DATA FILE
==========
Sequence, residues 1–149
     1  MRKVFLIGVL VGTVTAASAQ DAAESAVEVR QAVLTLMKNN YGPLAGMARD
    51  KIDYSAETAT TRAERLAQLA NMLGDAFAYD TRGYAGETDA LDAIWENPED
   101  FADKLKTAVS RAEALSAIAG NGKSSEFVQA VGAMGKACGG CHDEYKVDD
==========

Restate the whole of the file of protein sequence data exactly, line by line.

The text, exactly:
Sequence, residues 1–149
     1  MRKVFLIGVL VGTVTAASAQ DAAESAVEVR QAVLTLMKNN YGPLAGMARD
    51  KIDYSAETAT TRAERLAQLA NMLGDAFAYD TRGYAGETDA LDAIWENPED
   101  FADKLKTAVS RAEALSAIAG NGKSSEFVQA VGAMGKACGG CHDEYKVDD